After exchanges with the Netherlands Enterprise Agency (RVO), in charge of securing the sustainability of subsidised solid biomass for electricity and heat, it has been concluded that the solid biomass used in co-firing plants was 100% RED II compliant with respect to biomass sustainability in 2021. This results in a 14 PJ higher final energy consumption of biomass for co-firing plants than the update in December 2022 and in an increase of the share of renewable energy of 0,7 percentage point. RED II refers to the EU Renewable Energy Directive which came into force in 2021.

Changes as of December 15th 2022:
Revised provisional figures of 2021 have been added.
Only solid and gaseous biomass compliant according to REDII are used to determine the final energy consumption of these energy sources in 2021.
Figures for 2020 and before were calculated based on RED I; in accordance with Eurostat these figures will not be modified anymore. Inconsistencies with other tables undergoing updates may occur.


When will new figures be published?
Provisional figures on the gross final consumption of renewable energy in broad outlines for the previous year are published each year in May. Revised provisional figures for the previous year appear each year in June.

In December all figures on the consumption of renewable energy in the previous year will be published. These figures remain revised provisional, definite figures appear in December two years after the reporting year. Most important (expected) changes between revised provisional figures in December and definite figures a year later are the figures on solar photovoltaic energy. The figures on the share of total energy consumption in the Netherlands could also still be changed by the availability of adjusted figures on total energy consumption.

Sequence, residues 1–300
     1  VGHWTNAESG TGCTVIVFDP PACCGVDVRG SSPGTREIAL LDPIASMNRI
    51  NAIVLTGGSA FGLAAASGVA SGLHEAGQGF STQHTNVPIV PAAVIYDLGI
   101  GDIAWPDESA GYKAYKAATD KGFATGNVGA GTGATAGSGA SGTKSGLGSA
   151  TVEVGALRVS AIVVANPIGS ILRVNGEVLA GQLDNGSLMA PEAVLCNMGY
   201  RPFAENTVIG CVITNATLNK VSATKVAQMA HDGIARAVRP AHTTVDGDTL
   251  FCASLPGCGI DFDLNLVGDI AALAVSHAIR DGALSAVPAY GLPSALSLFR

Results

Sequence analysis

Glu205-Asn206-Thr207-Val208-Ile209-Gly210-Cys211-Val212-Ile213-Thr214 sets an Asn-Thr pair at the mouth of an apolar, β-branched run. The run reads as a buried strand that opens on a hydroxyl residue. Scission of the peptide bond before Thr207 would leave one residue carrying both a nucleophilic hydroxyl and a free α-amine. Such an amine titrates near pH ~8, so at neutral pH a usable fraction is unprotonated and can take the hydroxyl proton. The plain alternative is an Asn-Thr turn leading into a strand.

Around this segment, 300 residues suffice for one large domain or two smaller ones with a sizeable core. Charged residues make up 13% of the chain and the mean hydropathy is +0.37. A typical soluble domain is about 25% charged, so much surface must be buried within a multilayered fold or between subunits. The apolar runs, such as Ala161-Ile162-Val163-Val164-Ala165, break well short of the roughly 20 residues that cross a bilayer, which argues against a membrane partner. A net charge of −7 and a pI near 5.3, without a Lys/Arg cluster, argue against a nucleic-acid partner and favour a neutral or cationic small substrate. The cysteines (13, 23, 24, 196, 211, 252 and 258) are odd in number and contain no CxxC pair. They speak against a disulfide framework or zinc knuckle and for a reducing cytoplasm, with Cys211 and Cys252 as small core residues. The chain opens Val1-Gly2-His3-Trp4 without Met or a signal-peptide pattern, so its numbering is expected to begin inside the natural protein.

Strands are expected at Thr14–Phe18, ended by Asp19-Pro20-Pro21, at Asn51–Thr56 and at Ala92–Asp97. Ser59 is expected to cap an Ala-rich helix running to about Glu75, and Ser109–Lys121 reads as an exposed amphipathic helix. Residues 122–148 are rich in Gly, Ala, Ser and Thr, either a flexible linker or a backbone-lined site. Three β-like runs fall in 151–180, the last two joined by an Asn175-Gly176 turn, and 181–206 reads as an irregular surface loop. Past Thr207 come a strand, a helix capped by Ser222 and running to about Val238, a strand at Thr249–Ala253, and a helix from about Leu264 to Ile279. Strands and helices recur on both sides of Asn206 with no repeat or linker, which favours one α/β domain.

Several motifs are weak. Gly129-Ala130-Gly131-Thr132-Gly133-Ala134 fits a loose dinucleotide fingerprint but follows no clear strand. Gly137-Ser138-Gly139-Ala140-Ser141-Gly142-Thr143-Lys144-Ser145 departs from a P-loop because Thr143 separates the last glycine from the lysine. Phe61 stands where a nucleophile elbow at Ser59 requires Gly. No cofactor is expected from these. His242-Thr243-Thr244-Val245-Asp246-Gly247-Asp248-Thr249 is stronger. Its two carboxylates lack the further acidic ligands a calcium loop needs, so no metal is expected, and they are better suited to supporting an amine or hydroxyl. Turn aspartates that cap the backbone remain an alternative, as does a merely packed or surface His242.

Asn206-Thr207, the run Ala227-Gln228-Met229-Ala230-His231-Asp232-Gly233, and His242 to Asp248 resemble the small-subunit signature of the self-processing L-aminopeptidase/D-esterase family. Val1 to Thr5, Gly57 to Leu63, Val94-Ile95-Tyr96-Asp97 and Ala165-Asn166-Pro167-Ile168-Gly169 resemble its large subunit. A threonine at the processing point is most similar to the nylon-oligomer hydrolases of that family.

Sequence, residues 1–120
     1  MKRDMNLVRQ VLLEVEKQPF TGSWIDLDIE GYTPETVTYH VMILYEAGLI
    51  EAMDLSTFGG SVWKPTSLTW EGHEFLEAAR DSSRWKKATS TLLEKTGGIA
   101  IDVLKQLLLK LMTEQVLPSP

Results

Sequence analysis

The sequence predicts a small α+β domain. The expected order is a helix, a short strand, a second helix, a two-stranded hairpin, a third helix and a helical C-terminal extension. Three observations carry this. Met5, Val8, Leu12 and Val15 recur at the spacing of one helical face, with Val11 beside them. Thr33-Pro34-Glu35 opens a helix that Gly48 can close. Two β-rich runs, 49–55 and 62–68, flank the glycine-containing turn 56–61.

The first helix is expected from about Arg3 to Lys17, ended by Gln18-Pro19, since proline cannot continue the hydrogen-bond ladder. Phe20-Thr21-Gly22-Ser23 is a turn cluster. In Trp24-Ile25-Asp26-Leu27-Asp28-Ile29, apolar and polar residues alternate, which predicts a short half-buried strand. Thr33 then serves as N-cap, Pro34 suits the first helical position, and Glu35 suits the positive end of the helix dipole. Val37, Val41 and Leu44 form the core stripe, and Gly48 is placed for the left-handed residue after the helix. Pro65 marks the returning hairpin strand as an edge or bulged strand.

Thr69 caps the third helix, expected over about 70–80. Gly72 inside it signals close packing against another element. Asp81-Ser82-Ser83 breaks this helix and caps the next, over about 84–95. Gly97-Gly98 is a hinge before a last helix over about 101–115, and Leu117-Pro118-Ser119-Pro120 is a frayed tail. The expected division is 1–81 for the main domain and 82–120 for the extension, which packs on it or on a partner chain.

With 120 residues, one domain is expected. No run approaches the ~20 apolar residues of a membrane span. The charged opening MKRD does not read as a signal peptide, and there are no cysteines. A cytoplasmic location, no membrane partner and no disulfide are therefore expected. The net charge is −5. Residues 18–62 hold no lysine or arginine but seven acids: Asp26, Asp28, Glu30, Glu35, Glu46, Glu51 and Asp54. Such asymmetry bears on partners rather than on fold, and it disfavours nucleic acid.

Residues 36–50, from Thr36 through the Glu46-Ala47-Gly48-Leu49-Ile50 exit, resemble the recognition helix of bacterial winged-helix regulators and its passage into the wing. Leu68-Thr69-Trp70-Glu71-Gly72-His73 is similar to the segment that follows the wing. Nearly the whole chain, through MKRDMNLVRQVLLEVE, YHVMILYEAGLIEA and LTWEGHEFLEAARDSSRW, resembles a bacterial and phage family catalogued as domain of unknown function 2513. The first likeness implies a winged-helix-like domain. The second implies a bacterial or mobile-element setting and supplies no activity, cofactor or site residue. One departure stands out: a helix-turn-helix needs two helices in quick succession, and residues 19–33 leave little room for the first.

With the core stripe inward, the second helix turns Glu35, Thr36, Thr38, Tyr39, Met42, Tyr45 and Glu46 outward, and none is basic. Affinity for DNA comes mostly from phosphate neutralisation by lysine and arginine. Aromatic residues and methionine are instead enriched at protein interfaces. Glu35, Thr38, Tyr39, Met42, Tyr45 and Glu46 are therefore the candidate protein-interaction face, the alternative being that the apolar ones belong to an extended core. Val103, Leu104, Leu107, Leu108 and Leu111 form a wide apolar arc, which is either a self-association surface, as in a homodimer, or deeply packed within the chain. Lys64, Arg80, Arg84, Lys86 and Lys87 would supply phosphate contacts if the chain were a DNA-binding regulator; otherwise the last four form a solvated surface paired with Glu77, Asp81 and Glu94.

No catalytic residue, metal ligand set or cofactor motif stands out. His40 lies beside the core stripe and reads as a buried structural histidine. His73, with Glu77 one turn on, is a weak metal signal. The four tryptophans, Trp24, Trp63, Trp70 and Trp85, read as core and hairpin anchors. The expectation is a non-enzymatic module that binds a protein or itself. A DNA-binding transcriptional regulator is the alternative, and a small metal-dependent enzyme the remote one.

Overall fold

Description topics

Final consumption
In this table, the unit TeraJoule (TJ) is used. This equals 1,000,000,000,000 joules (10 to the power of 12). A joule is a unit of energy equivalent to 0.24 calories. A TJ is equivalent to 31 600 cubic meters of natural gas or 278 000 kilowatt-hours of electricity.
Final consumption relative
Gross final consumption of renewable energy as percentage of total gross final energetic energy consumption, calculated according the definitions from the EU directive on renewable energy from 2009. Total gross final energetic energy consumption is the sum of three parts:
1. Energetic final use of the end use sectors manufacturing industry (excluding refineries), households, services, agriculture, fishing and transport.
2. Distribution losses of electricity and heat
3. Own use of electricity and heat by the producers of electricity and sold heat.